I never quite got to grips with the football frenzy, until I moved to England two years ago. The loyalty of fans to their clubs is something similar of what cricket and IPL is to the people of India. However I fail to comprehend with little English representation among team players and with some of the top league clubs being owned by Russians, Americans or Arabs , could this have made any difference to the loyal supporters over the years?
Leo, a supporter of Newcastle United admits club football is quite different now. He said, “Traditionally club owners and players were true local heroes, but now English clubs are often owned by foreign investors who fill their teams with an overwhelming number of foreign players who will stay as long as the money is good and the trophies are won. So it’s much harder to identify with a team whose players and bosses are seemingly far more interested in personal attainment than they are about your home town, and who will move on at the first sign of a better offer.”
In the past few weeks, I’ve been catching a glimpse of the action at the nearby pubs which inadvertently are full of men. I saw Newcastle United’s defeat against Manchester City that left him feeling quite gutted, but nevertheless still proud to see his team clinch fifth place this year. And one couldn’t forget Manchester City’s historical win against United after 44 years two weeks back.
Having seen some of the fans take to the streets to support their teams made me wonder if it was family tradition. Wearing light blue t-shirts, people of all ages, babies on prams with Manchester City scarves were all out in force to glorify the champions; at times it all seemed a bit too sentimental.
Louise admits to it being more of a family tradition. She said, “I support West Bromwich because my dad and uncle follow them, so it’s kind of like a family tradition.”
“What football club you support is, like what religion you follow, a source of identity and heritage for many families. It is definitely passed on from generation to generation, and I believe kids automatically follow their parents’ choice of which team to support. They go to matches at an early age, and are almost certainly encouraged to like the same team as their parents,” Leo added.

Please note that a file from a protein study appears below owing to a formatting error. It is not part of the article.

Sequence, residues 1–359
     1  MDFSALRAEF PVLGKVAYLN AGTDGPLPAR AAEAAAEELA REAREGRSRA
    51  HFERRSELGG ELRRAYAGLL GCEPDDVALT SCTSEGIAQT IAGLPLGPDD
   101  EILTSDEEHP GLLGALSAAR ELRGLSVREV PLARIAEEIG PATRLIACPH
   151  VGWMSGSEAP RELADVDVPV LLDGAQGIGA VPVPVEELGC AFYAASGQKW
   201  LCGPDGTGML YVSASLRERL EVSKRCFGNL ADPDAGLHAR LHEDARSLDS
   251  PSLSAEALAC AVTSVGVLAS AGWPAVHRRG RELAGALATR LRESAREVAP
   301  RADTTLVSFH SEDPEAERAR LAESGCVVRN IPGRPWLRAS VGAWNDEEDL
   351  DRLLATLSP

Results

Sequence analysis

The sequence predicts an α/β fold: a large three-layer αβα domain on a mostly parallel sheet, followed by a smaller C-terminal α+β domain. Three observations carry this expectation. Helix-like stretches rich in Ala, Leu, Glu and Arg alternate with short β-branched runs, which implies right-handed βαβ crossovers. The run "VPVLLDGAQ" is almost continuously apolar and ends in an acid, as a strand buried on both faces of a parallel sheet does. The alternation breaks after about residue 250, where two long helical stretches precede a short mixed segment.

With many foreign investors and players, a big question is has money taken precedence over the sport and has this potentially affected the loyalty of players and fans. There are several examples of players ditching clubs at the very first sight of a bigger cheque being waved infront of them. Every one knows of the famous Ashley Coles move from Arsenal to Chelsea in 2006 for ₤25 million. However, on Saturday after the Blues’ magnificent Champions League triumph over Bayern Munich, he reacted by saying “this is why I came to Chelsea.”
While Chelsea FC is owned by oligarch Roman Abramovich, who has allegedly invested a million of his own money in the team, Manchester City is owned by the Sheikh Mansour of the ruling family of Abu Dhabi and Manchester United by American businessman Glazer.
Speaking with Kelly she says yes, ” It’s sad to see over the years how people think they can buy the best teams and players, it’s definitely not like what it was before. But on the plus side it has also attracted more international fans and more support. People from all over the world follow the Premier leagues now.”
With twitter and facebook abuzz on Chelsea v/s Bayern Munich, I couldn’t but resist switching on to Radio 5 live and keep abreast of the atmosphere. When they won the European championship, even the commentators couldn’t contain their emotions, I guess everyone was in a state of disbelief.
Learning of Chelsea’s visit to Stamford Bridge on Sunday evening, I was keen to catch the players at the parade. I didn’t make it in time but was lucky to see the jubilant fans blowing whistles, chanting ‘Chelsea, ole, ole, ole’ and dressed in patriotic blue and white. Despite the crowds, and long queues to get the train in time, the atmosphere was unbelievably brilliant.
“Sport unites, it brings people together. Yes it has changed, but as long as we win it doesn’t matter. My family always supported Chelsea, I will continue to. Ole Chelsea Champione,” said one walking back to the station.
A fan whose family has been supporting Chelsea for four generations said, “Its hard for me to watch penalty shoot outs as it is, when there are teams I don’t support. Watching Chelsea, and moreover seeing them win, it was simply unbelievable. Even now, I’m just not sure what to say.”